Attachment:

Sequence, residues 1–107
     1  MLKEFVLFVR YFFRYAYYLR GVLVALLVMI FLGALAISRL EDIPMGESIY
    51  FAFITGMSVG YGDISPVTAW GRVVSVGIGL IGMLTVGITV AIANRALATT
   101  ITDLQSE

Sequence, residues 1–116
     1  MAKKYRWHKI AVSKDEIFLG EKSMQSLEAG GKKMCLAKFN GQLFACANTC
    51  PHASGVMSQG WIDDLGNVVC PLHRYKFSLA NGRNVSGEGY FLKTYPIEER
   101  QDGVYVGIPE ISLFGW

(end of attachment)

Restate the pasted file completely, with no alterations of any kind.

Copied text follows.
Sequence, residues 1–107
     1  MLKEFVLFVR YFFRYAYYLR GVLVALLVMI FLGALAISRL EDIPMGESIY
    51  FAFITGMSVG YGDISPVTAW GRVVSVGIGL IGMLTVGITV AIANRALATT
   101  ITDLQSE

Sequence, residues 1–116
     1  MAKKYRWHKI AVSKDEIFLG EKSMQSLEAG GKKMCLAKFN GQLFACANTC
    51  PHASGVMSQG WIDDLGNVVC PLHRYKFSLA NGRNVSGEGY FLKTYPIEER
   101  QDGVYVGIPE ISLFGW